The birds perform synchronised ritual displays in colonies. The members of a group stand together and display to each other by stretching their necks upwards, making calls while head-flagging, then flapping their wings. Flamingos form strong partnerships although in larger colonies flamingos sometimes change mates (well we’re all allowed to change our minds). Both the male and the female play a part in building and defending the nest. Occasional same-sex pairs have been reported, which makes me happy.

Don’t you just love flamingos a bit more now?

 

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Drawing of the week: Rooster

Rooster drawing/illustration (c) Ella Johnston

We recently welcomed the new luna (or is it lunar?) year of the rooster so it’s only fitting it’s this week’s drawing of the week.

As much as I like a brown or black bird illustration, the bird I’ve drawn here is a Brown Leghorn rooster, which I have chosen purely for his plumage. When I got out my watercolour paints to illustrate this fella I knew warm orange, purple and emerald hues would be the order of the day. I really wanted to go to town on the colours for this guy as I think the rooster (also known as a cockerel or cock) is such a glorious creature  – I really admire them as they pace around the chicken pen.

As well as being the symbol for my football team, the cockerel is also a scared animal in some cultures, with the rooster being associated with the sun goddess Amaterasu, in fact Zoroastrianism held the rooster as a “symbol of light” and associated the cock with “good against evil” due to its heraldic actions. So all praise for the mighty rooster!

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Drawing of the week: A Pigeon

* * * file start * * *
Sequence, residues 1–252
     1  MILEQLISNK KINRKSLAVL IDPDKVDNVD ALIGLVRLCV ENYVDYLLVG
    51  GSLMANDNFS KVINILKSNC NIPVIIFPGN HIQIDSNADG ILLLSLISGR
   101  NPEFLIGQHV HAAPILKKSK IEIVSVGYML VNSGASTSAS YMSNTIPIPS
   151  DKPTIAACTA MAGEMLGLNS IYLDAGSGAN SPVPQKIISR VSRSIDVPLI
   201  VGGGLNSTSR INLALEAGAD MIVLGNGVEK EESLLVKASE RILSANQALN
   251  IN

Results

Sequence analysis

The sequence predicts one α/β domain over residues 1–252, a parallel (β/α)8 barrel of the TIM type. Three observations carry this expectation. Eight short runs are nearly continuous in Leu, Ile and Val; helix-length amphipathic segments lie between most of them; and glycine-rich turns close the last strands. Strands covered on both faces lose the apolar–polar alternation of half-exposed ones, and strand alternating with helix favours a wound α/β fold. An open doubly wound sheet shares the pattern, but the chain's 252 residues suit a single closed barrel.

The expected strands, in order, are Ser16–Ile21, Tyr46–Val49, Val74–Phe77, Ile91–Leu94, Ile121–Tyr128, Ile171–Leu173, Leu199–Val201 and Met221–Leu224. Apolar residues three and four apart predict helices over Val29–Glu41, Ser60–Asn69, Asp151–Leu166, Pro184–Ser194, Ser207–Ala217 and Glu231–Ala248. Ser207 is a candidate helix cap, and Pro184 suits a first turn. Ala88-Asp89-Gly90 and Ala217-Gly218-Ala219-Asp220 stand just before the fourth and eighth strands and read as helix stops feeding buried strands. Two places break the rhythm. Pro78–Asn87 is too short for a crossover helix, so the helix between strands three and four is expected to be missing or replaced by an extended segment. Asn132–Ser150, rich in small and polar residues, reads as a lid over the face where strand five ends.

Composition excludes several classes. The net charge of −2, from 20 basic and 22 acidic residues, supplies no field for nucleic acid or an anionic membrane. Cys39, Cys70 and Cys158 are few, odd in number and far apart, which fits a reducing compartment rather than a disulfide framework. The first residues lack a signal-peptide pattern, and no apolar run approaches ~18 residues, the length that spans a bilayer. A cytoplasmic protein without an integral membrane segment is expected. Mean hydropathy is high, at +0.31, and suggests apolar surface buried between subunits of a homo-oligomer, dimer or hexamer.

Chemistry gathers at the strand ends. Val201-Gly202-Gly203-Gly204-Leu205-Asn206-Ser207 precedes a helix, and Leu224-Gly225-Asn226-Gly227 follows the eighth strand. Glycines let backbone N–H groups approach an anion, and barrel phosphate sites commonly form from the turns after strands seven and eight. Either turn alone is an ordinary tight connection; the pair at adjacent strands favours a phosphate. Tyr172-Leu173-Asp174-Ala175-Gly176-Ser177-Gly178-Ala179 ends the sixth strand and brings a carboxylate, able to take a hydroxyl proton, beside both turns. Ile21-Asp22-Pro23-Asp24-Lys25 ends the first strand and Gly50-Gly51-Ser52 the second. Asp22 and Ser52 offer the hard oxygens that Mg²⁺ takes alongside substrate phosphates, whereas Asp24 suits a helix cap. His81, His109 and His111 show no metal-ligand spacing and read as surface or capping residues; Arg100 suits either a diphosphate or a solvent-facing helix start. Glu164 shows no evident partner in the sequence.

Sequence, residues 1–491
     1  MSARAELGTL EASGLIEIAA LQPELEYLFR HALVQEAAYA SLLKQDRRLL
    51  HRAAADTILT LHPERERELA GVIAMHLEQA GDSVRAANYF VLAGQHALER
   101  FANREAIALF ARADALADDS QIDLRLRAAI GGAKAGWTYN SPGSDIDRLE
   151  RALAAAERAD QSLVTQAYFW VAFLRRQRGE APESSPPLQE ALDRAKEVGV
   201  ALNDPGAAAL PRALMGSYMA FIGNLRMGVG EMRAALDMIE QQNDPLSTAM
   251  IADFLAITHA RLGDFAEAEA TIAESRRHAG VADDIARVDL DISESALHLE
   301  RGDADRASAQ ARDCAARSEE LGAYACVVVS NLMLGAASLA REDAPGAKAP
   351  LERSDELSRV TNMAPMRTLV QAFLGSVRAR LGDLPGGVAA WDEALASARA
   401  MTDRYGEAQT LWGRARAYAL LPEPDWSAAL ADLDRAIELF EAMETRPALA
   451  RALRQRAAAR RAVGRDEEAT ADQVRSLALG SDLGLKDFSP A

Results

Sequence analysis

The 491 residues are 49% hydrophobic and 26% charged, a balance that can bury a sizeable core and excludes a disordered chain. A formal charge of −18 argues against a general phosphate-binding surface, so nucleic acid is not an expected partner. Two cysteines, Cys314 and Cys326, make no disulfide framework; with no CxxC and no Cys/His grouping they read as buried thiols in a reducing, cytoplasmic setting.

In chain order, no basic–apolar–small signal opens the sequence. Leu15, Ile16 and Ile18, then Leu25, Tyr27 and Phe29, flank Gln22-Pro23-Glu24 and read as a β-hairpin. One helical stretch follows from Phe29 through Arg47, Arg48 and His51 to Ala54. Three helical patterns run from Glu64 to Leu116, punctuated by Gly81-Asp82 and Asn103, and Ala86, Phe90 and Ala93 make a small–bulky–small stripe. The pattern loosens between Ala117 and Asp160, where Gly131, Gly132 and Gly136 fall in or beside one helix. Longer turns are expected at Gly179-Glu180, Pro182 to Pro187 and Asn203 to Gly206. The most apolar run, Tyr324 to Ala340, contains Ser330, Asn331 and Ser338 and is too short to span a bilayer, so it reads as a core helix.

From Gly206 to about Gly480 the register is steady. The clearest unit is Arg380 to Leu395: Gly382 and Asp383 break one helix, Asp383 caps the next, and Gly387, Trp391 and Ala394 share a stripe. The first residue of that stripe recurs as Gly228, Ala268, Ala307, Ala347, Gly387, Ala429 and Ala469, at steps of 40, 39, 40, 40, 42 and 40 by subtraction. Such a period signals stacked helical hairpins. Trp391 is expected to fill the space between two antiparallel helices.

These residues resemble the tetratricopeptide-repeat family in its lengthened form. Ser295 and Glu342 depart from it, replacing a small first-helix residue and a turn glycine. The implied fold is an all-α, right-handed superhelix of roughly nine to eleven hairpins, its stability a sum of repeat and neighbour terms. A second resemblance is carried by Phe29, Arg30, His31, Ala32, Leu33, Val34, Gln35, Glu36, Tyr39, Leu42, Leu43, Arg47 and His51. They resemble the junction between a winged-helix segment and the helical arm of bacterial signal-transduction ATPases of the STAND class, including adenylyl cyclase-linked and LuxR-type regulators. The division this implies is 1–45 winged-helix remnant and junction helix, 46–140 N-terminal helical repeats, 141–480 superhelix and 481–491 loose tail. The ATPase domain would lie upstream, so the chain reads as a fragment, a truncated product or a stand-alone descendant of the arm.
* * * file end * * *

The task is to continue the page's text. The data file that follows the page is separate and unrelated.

Pigeon
Good friends of mine will be very surprised by my drawing of the week as I have a pigeon phobia.

I grew up in London so while spiders and mice hold no fear for me it’s pigeons that make me feel ill, yet I love birds.

Anyway I decided to face my fear with watercolour, ink and my powers of illustration. I do like this fell’s beautiful plumage and it does have a rather elegant shape and line. Who knows after drawing this maybe I’ll be able to sit outside in London while they mill about my feet.

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Bird of the Fortnight 23 May 2016: Bee-eater

Bee Eater illustration for Five Mile Float
I know I normally lead with black and white sketches for my first post for my bird of the fortnight and there are some below. I just could resist sharing with you a previous Bee-eater illustration I did as part of an art work commission for a US indie band called Five Mile Float.

Bee-Eater sketch (c) Ella Johnston

It was when I took on the commission that I developed an interest in Bee-eaters. The family have such a variety of plumage and I that Zoro type mask across their eyes is the coolest.
Bee-Eater sketch (c) Ella Johnston

The Five Mile Float brief asked me to be subtle in my use of colour so I stuck to very light washes of peach and mint. No such subtlety is required this time so I’m going to go to town on my final watercolour and ink version.
Bee-Eater sketch (c) Ella Johnston

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Creative ways with watercolour… birds

Watercolour by Ella Johnston

I’m treating you to a sneaky preview of some illustrations I’m working on at the moment. They are not finished by any stretch but I thought you may be interested in seeing them in their ‘raw’ state.

I’ve been trying out some creative ways of adding texture and colour to my avian drawings with watercolour paints for some time now. I feel that this painterly method creates further interest and depth when illustrating the individual bird’s plumage than a line drawing. I also think it imbues a sense of vitality and movement in the composition. It’s also really simple to achieve.

Watercolour by Ella Johnston

My illustrations are made on non-textured watercolour paper – it has a lovely quality that absorbs water and ink really well. I first draw a light sketch of my subject in pencil, loosely highlighting key areas in pencil. Then I apply layer of watercolour washes to the illustration. Each layer is very watered down and I like to build up the colours gradually – this gives me more interesting colour combinations and a pleasing overall texture. Once I’m happy with the colour, I leave this to dry before applying a detailed ink drawing over the top.

Watercolour by Ella Johnston

You’ll be able to see the finished drawings in a book of wading birds published by Dunlin Press next year.

Watercolour by Ella Johnston